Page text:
All the footage that you see is actually shot in real life, but the perspective might be different. There’s some really abstract-looking footage, for instance, that looks like it could be some weird-looking cosmic matter, but what you are looking at is actually a chemical experiment with milk, food dye and dishwashing soap that blend, swirl and mix together in very beautiful ways. But when you zoom in very close then blow it up, you have no idea what you are looking at. So most of the effects are like that, where I try not to use a computer to generate them, but they can still look very abstract.

There is one shot that is of a street light in the middle of the night, and it’s shot with very low shutter speed. When you zoom in very close on the bulb of the street lamp it looks like these wavy lines, and you don’t know that you are looking at something so tangible. I could create those effects on the computer and it would be an easier, more automated way of doing it, but, again, the theme is capturing things the way they are in the world.

LM: That’s very interesting. So then how do you use those themes and tie them into the Damnation of Faust?

RB: One of the things I didn’t want to do was create a literal story of Faust, so not a staging. What I wanted to do was more a poetic construction of images that some times seem to line up well with the story, but at other times you are not quite sure if it does. I like that gap between the visuals and the music because it allows the audience to step in and create associations of their own. When the music matches perfectly what you’re seeing, you don’t have to think about it because the connection is already made for you. I instead like it when there is that area to contemplate and be creative in the moment when you are absorbing the performance.

But the way that these different themes play out does have to do with the music, and in some places more than others. For instance, there is a theme where Faust and Marguerite are talking about their love for each other and they end up consummating their relationship at the end of that scene. During that part, the visual is of a couple of red-tailed hawks during the mating season flying around together. So in that part the music and the visuals do line up very well.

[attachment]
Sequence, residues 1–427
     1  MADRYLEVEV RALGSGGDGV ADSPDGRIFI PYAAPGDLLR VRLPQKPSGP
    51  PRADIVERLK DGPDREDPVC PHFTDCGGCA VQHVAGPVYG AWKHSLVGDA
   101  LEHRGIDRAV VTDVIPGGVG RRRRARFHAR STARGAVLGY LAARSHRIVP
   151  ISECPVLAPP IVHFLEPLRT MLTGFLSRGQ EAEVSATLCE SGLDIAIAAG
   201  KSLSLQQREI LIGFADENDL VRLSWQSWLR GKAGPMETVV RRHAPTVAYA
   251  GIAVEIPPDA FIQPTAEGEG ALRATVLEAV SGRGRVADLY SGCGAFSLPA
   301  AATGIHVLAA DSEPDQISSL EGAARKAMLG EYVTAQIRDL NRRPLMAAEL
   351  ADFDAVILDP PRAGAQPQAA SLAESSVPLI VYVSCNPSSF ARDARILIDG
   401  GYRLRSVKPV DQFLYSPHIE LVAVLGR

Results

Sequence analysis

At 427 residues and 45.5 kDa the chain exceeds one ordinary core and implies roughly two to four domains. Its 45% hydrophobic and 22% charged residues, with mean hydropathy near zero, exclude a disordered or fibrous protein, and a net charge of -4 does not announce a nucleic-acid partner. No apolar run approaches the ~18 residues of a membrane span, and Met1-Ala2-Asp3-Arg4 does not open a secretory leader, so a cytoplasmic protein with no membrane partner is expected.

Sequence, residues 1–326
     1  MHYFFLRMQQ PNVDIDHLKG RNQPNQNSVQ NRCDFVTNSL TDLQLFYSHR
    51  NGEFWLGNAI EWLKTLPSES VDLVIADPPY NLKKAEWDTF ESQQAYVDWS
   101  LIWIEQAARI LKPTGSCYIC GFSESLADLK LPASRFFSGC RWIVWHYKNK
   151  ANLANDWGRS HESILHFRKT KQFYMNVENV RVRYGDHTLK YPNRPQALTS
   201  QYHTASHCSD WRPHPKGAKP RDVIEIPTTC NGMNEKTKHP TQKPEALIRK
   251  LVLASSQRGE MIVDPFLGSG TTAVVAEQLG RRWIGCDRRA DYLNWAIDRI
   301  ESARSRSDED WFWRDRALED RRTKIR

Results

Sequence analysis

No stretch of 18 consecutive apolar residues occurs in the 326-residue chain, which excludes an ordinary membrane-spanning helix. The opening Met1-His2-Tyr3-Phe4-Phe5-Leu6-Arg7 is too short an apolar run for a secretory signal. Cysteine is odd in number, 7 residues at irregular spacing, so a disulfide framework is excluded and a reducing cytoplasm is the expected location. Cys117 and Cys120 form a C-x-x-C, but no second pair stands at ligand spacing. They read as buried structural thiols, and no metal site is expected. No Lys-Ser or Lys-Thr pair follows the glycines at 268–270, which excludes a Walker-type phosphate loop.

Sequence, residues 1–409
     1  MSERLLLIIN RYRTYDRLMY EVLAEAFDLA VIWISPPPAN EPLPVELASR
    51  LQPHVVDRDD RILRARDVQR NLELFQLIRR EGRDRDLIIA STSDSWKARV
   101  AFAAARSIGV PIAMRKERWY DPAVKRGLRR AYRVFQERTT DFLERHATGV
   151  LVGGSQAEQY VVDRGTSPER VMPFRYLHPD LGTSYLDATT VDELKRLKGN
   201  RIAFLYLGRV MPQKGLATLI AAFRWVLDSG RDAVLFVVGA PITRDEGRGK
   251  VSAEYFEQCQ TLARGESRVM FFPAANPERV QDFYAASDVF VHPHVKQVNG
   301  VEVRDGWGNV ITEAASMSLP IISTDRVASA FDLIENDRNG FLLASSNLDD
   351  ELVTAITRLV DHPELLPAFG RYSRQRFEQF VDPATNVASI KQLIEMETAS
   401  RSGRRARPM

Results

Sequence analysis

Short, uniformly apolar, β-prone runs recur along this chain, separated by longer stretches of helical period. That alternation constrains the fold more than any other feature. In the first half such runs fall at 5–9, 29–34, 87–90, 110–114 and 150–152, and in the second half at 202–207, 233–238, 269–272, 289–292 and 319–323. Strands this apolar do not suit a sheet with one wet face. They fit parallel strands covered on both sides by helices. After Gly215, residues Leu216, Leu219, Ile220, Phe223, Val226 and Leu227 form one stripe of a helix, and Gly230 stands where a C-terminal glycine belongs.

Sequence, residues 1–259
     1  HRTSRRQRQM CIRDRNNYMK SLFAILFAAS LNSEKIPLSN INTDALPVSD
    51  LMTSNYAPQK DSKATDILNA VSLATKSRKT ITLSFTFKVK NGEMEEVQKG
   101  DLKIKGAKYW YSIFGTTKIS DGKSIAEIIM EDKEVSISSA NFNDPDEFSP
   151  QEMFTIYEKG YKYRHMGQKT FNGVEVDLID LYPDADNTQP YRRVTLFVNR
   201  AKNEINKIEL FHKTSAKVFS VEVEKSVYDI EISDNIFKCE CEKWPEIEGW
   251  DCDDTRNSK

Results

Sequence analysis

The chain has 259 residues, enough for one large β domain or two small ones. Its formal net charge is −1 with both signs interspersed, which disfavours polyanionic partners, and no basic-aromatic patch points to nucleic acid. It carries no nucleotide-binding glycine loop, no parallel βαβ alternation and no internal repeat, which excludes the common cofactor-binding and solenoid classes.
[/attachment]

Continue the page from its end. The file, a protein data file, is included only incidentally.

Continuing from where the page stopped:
My goal was to break away from a narrative: to not become a slave to the story, but to still illustrate the story, and let the audience create their own conclusions.

LM: With the performance coming up this weekend, have you had any new insights now that it’s almost here?

RB: Yesterday we watched the rehearsal with the visuals for the first time, and it was very interesting to see and make connections that I hadn’t even realized before. For example, some things that weren’t intentional from the get-go end up being perfectly matched and the music drew out new themes.
_________

Barcelona also discussed the production with the Enquirer‘s Janelle Gelfand. You can read the interview here.

CCM presents Hector Berlioz’s The Damnation of Faust (La Damnation de Faust), Op. 24 at 8 p.m. on Saturday, Feb. 25 in Corbett Auditorium. Tickets are $12 general admission, $5 non-UC students and free for UC students. Tickets can be purchased by visiting the Box Office or calling 513-556-4183. You can learn more about the production here.

CCM Season Presenting Sponsor: The Otto M. Budig Family Foundation